- OSHA & NIOSH Recommended Limits of Silica Dust Exposure
The NIOSH recommended
exposure limit (REL) for respirable crystalline silica is 0.05 mg/m^3
(50g/m^3) as a TWA for up to 10 hours/day during a 40-hour workweek
the following measures to reduce exposures to respirable crystalline
silica in the workplace and to prevent silicosis and deaths in construction
Recognize when silica dust may be generated and plan ahead
to eliminate or control the dust at the source.
Awareness and planning are keys to prevention of silicosis.
Do not use silica sand or other substances containing more
than 1% crystalline silica as abrasive blasting
less hazardous materials.
Use engineering controls and containment methods such as
blast-cleaning machines and cabinets, wet drilling, or wet
sawing of silica-containing materials to control the hazard and protect
adjacent workers from exposure.
Routinely maintain dust control systems to keep them in good
personal hygiene to avoid unnecessary exposure to other work site contaminants
such as lead.
Wear disposable or washable protective clothes at the work
Shower (if possible) and change into clean clothes before
leaving the work site to prevent
contamination of cars, homes, and other work areas.
Conduct air monitoring to measure worker exposures and ensure
that controls are providing adequate protection for workers.
9. Use adequate
respiratory protection when source controls cannot keep silica exposures below
the NIOSH REL.
Provide periodic medical examinations for all workers who
may be exposed to respirable crystalline silica.
Post warning signs to mark the boundaries of work areas contaminated
with respirable crystalline silica.
Provide workers with training that includes information about
health effects, work practices, and
Report all cases of silicosis to State Health Departments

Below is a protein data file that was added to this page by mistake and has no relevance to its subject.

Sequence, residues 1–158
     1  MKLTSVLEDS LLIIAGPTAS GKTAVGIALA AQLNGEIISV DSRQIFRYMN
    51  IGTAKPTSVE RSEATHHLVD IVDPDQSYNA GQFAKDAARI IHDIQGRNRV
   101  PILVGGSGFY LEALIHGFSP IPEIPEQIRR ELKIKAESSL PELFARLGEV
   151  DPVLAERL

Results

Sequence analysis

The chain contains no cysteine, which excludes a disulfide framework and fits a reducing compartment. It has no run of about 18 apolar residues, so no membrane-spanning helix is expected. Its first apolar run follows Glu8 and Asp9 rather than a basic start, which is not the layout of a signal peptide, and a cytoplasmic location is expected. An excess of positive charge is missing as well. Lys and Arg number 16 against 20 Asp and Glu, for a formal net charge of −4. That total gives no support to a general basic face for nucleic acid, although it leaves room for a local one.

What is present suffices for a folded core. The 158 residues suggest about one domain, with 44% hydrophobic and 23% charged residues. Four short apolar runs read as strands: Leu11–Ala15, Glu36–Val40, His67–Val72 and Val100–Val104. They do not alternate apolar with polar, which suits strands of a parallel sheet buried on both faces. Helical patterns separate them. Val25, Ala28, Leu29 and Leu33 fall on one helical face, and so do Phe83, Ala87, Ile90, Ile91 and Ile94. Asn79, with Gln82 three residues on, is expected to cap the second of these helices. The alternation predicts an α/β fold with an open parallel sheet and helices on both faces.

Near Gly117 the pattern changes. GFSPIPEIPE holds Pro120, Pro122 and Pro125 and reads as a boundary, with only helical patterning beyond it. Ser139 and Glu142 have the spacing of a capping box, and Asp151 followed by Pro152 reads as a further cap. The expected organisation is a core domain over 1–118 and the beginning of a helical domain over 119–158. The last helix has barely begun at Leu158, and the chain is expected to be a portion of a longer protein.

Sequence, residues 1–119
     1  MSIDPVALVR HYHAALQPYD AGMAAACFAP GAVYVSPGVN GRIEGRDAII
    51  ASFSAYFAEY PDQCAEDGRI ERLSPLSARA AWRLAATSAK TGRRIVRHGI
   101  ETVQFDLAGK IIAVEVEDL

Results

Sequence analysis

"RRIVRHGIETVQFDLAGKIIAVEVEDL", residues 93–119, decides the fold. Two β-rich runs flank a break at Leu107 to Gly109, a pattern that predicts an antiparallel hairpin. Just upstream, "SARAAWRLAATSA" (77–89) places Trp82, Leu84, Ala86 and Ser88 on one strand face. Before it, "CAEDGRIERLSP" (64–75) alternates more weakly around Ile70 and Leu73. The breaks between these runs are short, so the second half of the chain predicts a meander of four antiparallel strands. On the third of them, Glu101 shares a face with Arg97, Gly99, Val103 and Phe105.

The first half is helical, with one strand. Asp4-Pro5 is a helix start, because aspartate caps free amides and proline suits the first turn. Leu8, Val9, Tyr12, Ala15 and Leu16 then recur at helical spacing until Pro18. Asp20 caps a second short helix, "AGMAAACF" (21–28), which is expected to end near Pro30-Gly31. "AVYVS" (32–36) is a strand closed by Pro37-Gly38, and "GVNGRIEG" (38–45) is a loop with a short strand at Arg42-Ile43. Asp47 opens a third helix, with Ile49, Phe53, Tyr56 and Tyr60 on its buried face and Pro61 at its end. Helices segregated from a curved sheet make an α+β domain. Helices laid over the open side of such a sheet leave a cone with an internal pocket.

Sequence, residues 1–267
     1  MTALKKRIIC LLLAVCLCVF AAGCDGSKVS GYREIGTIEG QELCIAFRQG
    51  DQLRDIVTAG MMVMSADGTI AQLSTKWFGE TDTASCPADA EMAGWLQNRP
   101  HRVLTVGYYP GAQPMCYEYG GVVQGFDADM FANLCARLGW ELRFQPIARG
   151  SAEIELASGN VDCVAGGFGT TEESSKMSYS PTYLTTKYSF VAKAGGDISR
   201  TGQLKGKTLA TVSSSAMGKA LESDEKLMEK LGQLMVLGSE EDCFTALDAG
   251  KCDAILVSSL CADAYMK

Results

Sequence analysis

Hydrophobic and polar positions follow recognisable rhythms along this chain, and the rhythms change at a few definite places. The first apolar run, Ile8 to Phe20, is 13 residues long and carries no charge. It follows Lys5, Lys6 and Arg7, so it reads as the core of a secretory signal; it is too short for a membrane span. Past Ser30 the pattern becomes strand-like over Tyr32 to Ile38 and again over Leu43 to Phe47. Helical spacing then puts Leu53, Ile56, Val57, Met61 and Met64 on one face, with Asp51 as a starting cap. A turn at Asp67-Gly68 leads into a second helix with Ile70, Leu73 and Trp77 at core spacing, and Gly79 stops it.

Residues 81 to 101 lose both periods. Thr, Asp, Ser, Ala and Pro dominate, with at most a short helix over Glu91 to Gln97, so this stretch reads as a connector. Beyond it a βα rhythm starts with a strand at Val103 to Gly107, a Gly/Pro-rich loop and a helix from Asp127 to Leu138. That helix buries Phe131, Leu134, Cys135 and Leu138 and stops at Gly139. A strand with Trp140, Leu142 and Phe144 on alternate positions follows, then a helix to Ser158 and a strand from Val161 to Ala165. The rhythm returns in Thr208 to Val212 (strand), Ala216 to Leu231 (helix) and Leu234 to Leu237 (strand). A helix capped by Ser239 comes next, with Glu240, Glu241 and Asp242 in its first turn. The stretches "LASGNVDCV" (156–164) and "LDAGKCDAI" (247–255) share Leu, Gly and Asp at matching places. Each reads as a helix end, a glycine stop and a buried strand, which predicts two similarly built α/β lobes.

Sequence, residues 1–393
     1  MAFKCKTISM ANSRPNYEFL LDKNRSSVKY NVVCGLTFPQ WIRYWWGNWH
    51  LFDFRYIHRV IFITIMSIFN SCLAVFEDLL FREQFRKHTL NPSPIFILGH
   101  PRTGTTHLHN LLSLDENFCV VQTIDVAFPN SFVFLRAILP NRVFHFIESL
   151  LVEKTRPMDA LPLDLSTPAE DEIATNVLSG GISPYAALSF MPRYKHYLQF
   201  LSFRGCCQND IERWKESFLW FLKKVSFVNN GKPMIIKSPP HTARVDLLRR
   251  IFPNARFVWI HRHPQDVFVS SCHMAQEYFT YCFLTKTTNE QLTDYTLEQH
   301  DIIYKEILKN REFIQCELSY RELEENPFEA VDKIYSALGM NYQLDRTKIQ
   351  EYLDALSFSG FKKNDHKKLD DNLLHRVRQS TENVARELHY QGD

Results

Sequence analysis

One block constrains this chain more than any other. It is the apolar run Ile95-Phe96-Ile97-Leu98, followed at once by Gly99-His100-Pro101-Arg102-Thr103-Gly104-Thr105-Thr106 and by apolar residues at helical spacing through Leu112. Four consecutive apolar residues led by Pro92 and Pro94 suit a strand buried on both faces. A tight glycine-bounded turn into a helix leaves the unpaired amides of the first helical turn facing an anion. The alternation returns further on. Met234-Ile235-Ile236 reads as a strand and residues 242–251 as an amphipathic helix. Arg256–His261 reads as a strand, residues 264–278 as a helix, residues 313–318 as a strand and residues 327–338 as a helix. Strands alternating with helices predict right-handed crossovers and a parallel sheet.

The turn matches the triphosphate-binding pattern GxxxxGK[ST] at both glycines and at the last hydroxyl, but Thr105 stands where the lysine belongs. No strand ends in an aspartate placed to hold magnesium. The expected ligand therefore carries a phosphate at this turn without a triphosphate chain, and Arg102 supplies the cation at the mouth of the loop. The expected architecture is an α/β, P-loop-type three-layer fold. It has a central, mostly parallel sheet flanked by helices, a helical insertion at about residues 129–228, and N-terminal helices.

for Silica Dust Exposure
current OSHA permissible exposure limit (PEL) for respirable crystalline
silica (quartz) is 100 µg/m3
as an 8-hour time-weighted average (TWA) [29 CFR**
1910.1000]. The NIOSH recommended exposure limit (REL) for respirable
crystalline silica is 50 µg/m3
as a TWA for up to 10 hours/day during a 40-hour workweek [NIOSH
1974b]. This REL is intended to prevent silicosis. However, evidence
indicates that crystalline silica is a potential occupational carcinogen
[NIOSH 1988a; IARC 1987; DHHS 1991], and NIOSH is reviewing the
data on carcinogenicity.
should be posted to warn workers about the hazard and specify any
protective equipment required (for example, respirators). The sample
sign in Figure 2 contains the information needed for a silica work
area where respirators are required.
Sample of warning
sign for work areas contaminated with crystalline silica.
for Silica Workers
receive training [29 CFR 1926.21] that includes the following:
about the potential adverse health effects of silica exposure
safety data sheets for silica, alternative abrasives, or other
hazardous materials [29 CFR 1926.59]
about obeying signs that mark the boundaries of work areas containing
about safe handling, labeling, and storage of toxic materials
[30 CFR 56.20012, 56.16004, 57.20012, 77.208]
about the importance of engineering controls, personal hygiene,
and work practices in reducing crystalline silica exposure
about the use and care of appropriate protective equipment (including
protective clothing and respiratory protection)
and Disease Reporting of Silicosis
encourages reporting of all cases of silicosis to the State health
departments and to OSHA or MSHA. To enhance the uniformity of reporting,
NIOSH has developed reporting guidelines and a surveillance case
definition for silicosis (see Appendix). This definition and these
guidelines are recommended for surveillance of work-related silicosis
by State health departments and regulatory agencies receiving reports
of cases from physicians and other health care providers [CDC 1990].
More Information see www.osha.gov